Cricket has an entire writing genre of its own and a long-standing place in literature, from Dickens to Pinter, but music about cricket can be counted on the fat fingers of one batting-gloved hand. There’s one genuine masterpiece, ‘When an Old Cricketer Leaves the Crease’ by Roy Harper, a song fit to be played at any man’s funeral. And then there are various co-opted TV and radio signature tunes… and ‘Dreadlock Holiday’ by 10cc.
Neil Hannen, and Thomas Walsh of Pugwash, have set out to right centuries of wrong and fill a gaping black hole in our national songbook. A tough job, you might think, but these are formidable songsmiths. Cricket fits beautifully with Hannen’s love of the everyday, as showcased in Divine Comedy songs such as ‘National Express’. His new partnership with Thomas Walsh has revitalised his work, and the result is an album that has to be the best thing he’s done.
‘The Duckworth Lewis Method’ (it’s a mathematical formula for recalculating the targets when a one-day match has been curtailed by rain …) is structured like a proper 60s album, with an intro and a coda, an halftime instrumental, and a mixture of elegiac ballads alongside upbeat, even comic songs. Hannen and Walsh plug straight into the pastoral pop of Small Faces, XTC and Blur. They clearly understand that only the right English sound can make sense of the English game, and the results are glorious. Firstly, they’ve written a successful comedy song, ‘Jiggery Pokery’, a near-impossible task. What’s more, it’s about Shane Warne’s “ball of the century” to Mike Gatting in 2003. This alone will hook in the cricket fans who will greatly appreciate in-joke lines such as “If it had been a cheese roll, it would never have got past me.” (Gatting is a large, lunch-loving fellow.) It’s also a lot of fun for those who haven’t the faintest idea what the lyrics are getting at.
This is the most crickety track on the album and the most rumbustious. At the other end of the scale is the glorious ‘Mason on the Boundary’, a song that inhabits an eternal sunny afternoon in July, infused with the delicious melancholy of Blur’s ‘The Universal’. Here Duckworth and Lewis have really outdone themselves, with a lyric about the mysterious Mason, always hovering at the boundary rope watching the game until suddenly he’s “gone to Zanzibar, underneath his panama.” Mason is both a Le Carré character, the loner in the background who’s really in charge, and a universal spectator. Neil Hannen understands the real significance of cricket, that it’s not so much a game but life itself ritualised and played out within the confines of boundary rope for the watching crowd. The self-contained outsider, turmoil simmering just below the surface, is the perfect mirror for the game. This is a delightful song, perfectly pitched, with a lovely hook that makes you want to put it on repeat and lie back.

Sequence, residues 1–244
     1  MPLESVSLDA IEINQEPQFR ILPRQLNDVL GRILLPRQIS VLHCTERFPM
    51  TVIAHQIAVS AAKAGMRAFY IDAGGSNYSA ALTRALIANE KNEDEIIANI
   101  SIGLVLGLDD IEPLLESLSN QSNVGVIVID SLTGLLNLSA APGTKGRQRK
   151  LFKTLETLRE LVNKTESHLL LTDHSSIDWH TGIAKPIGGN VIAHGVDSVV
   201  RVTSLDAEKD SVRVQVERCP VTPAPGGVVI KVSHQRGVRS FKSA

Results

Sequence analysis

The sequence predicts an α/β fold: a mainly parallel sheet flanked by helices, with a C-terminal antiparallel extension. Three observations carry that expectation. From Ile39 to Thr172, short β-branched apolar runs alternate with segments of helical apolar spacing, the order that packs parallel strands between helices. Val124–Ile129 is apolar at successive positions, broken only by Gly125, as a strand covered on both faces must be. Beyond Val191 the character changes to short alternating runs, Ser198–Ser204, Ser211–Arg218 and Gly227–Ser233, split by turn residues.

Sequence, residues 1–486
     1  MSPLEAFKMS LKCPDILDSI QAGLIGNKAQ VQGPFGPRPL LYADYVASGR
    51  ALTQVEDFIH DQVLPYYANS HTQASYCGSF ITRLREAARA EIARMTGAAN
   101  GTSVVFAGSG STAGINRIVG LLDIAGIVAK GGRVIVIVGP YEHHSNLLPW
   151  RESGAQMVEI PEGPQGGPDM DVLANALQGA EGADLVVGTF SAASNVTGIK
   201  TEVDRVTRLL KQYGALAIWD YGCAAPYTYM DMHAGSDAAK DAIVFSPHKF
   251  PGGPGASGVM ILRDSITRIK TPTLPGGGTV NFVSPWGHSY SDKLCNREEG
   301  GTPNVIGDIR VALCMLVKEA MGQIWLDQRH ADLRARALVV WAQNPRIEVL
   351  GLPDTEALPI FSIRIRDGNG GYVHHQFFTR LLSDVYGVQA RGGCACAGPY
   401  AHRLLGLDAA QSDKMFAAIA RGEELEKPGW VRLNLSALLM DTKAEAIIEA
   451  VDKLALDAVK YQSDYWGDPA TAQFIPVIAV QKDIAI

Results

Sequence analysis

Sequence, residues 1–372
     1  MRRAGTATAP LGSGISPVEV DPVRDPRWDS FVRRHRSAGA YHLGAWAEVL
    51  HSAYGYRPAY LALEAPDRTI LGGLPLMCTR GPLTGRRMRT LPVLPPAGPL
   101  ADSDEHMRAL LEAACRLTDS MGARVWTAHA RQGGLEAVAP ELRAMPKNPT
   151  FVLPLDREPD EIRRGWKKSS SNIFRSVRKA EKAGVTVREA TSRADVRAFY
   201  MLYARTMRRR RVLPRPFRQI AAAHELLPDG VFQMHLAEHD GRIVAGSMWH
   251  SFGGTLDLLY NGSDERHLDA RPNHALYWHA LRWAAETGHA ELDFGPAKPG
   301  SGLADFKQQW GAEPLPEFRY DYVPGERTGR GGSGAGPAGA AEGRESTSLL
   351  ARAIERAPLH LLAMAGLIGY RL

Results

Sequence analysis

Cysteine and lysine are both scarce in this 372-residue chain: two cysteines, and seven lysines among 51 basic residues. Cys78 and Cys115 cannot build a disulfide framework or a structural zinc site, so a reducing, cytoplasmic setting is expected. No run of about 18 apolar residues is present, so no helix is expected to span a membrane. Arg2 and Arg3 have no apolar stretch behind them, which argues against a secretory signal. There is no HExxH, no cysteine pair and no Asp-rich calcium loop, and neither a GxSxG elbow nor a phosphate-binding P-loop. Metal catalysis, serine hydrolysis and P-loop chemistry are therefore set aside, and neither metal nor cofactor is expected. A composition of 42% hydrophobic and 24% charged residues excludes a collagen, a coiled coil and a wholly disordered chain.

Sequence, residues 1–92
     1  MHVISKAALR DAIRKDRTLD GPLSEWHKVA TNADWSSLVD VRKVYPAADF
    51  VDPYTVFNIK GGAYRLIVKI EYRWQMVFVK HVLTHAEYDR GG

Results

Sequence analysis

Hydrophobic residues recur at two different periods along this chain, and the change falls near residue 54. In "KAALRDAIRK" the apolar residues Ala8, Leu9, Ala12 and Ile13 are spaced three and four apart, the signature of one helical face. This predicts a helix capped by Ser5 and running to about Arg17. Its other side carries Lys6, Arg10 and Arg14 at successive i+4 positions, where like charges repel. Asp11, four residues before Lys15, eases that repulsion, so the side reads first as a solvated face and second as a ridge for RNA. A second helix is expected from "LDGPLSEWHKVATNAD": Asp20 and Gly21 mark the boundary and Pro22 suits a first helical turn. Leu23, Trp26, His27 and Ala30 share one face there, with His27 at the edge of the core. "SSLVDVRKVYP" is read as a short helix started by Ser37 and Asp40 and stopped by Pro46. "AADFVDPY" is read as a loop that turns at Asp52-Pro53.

Two other tracks capture the same reflexive mood. ‘Gentlemen and Players‘ conjures up the 19th century origins of the game, channelling the spirit of ‘Lucy in the Sky with Diamonds’ in the process. ‘The Nightwatchman’, with a very Divine Comedy combination of strings and keyboards, is about a batsman who can’t sleep, waiting for the morning to take the field. ‘Flatten the Hay’ is drenched in what sounds like psychedelic harpsichord, and is a joyous ode to playing in the grass. It sounds gorgeous, bringing to mind the Troggs and Jim Parker’s music for the Betjeman albums, ‘Banana Blush’ and ‘Late Flowering Love’.
More upbeat tracks include ‘The Age of Revolution’, a skilful song about the commercialisation of the game. It combines jazz age trumpets with squelchy synth beats, but also manages lyrics that sum up the shifting power base of the game rather well, no mean achievement. ‘Meeting Mr Miandad’ is a cheerful, 60s power pop chant about a backpacking trek across Asia to Pakistan in a camper van, apparently with the sole aim of meeting 80s Pakistani legend Javed Miandad. The reason remains obscure, although Hannen sings “It’s our historical, phantasmagorical destiny.” Indeed. The only track on the whole album that misses the mark is ‘The Sweet Spot’, which ventures into dubious cod-funk and isn’t properly about cricket, which is the real problem.
‘Test Match Special’ is the album finale, a souped up rock anthem, how why listening to TMS is so great. It’s the ideal way to end, with a track that sums up this deranged, inspired concept. ‘The Duckworth Lewis Method’ should be set as a cynicism test. If you don’t love this, you need to take a long hard look at yourself.